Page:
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Airplane contrails have long been the subject of a variety of exuberant conspiracy theories, including that of governments spraying toxic chemicals into the air to induce mass sterilization and mind control. Though you shouldn’t pay attention to most of the conspiracy theories, there are real dangers associated with trails of airplane engine exhaust. According to a study in the Atmospheric Chemistry and Physics journal, contrails exacerbate climate change by trapping heat that radiates from the Earth’s surface.
What’s Happening?: Contrails form when water vapor in the air latches on to the soot particles in airplane engine exhaust and can only form at high altitudes. While low-level clouds have a net cooling effect, contrail-formed clouds contribute to warming. As air traffic increases in the foreseeable future, the global warming effect of the aviation industry is predicted to triple by 2050. With new technologies, airplanes are also expected to reach higher altitudes, thus increasing the frequency in which contrails are formed.
By the Numbers:
– In just 2005, aviation already accounted for 5 percent of global warming, with the effect of contrails being the largest contributor.
– A 2011 study suggested that the net effect of contrail clouds contributes more to atmospheric warming than all the carbon dioxide (CO2) produced by planes since the dawn of aviation.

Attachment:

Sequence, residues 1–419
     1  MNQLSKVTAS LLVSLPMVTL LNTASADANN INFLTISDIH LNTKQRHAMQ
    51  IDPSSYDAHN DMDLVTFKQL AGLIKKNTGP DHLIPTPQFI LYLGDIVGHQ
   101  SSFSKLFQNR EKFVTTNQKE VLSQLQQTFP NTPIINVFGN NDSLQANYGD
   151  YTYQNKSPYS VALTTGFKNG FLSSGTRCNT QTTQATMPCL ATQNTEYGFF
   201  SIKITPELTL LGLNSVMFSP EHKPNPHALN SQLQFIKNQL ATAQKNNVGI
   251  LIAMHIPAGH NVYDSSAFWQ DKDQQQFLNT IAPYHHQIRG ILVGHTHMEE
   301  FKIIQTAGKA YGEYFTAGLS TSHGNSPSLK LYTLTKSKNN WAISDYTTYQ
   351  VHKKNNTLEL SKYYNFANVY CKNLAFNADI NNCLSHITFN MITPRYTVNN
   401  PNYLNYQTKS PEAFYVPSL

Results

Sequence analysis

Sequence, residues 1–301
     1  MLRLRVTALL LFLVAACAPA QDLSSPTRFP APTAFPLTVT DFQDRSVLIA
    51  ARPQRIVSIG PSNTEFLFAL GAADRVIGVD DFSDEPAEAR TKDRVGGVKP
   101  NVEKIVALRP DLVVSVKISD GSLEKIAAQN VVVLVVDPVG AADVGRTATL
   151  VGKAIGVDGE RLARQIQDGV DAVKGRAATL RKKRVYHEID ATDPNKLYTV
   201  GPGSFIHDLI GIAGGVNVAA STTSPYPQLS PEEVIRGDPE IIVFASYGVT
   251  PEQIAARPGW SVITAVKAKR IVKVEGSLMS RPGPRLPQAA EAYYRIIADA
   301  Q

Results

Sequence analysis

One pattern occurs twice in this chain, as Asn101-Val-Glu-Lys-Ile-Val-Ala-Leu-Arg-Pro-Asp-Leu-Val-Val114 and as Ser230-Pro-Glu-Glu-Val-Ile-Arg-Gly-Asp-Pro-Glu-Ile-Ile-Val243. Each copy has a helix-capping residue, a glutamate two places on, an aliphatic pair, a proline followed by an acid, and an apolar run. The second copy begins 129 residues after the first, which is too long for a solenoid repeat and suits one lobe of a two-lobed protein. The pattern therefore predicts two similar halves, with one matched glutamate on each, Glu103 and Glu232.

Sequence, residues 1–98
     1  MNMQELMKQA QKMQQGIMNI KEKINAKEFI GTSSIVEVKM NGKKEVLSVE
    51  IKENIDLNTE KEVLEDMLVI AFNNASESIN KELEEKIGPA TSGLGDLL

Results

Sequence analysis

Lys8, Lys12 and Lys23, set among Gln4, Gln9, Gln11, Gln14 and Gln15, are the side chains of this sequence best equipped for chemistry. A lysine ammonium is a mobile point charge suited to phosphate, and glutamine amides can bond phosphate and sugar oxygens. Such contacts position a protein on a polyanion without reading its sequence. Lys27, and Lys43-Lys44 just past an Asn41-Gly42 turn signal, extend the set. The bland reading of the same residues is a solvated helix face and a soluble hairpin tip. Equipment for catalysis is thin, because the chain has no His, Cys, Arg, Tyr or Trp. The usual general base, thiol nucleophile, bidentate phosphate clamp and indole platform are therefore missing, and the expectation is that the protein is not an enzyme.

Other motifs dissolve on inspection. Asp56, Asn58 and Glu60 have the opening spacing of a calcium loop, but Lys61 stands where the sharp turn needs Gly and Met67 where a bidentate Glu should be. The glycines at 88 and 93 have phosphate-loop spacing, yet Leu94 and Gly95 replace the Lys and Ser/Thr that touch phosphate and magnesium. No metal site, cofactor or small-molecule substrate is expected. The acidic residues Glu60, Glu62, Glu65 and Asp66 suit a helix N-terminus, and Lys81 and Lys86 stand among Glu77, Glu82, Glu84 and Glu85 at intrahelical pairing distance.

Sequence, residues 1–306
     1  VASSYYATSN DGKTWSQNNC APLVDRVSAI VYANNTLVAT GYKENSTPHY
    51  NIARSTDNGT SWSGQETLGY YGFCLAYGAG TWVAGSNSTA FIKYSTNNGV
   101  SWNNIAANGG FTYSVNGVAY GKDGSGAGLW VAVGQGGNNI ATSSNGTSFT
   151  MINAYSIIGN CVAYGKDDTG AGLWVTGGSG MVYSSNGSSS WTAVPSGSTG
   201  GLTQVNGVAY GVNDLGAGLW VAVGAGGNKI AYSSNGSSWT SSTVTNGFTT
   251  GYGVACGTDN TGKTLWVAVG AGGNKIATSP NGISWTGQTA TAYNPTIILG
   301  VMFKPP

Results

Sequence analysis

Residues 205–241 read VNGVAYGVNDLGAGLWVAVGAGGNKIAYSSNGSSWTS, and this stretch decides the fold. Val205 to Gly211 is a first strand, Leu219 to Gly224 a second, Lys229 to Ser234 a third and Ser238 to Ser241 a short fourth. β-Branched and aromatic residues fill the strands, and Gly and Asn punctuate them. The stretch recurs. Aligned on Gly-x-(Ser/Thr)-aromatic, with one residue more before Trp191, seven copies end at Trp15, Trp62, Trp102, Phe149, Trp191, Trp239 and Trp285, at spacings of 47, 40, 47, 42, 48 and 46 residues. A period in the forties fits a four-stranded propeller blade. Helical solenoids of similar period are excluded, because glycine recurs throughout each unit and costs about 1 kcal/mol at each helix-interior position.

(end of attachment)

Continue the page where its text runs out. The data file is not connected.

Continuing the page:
Why This Matters: According to a scenario tested during the study, a 50% reduction in airplane soot emissions could result in a 15% decrease in the warming effect of contrails. This can be done by bringing about changes in the type of jet fuel that is used in favor of more efficient and environmentally friendly alternatives. Unfortunately, in the United States, we’re falling short of this goal as GHG emissions from our air travel increased by 3.4% in 2018. Technology will have to advance, such as in the case of greener jet fuel, but in the meantime, we should all take steps to either limit our air travel or make it as sustainable as possible when we do have to travel.
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This week is Climate Week NYC, an annual event hosted by The Climate Group and the United Nations, in partnership with the COP26 and the City of New York. For one week, from September 20-26, experts will be hosting panels and conversations about all things climate, and you can follow along at home via Facebook […]
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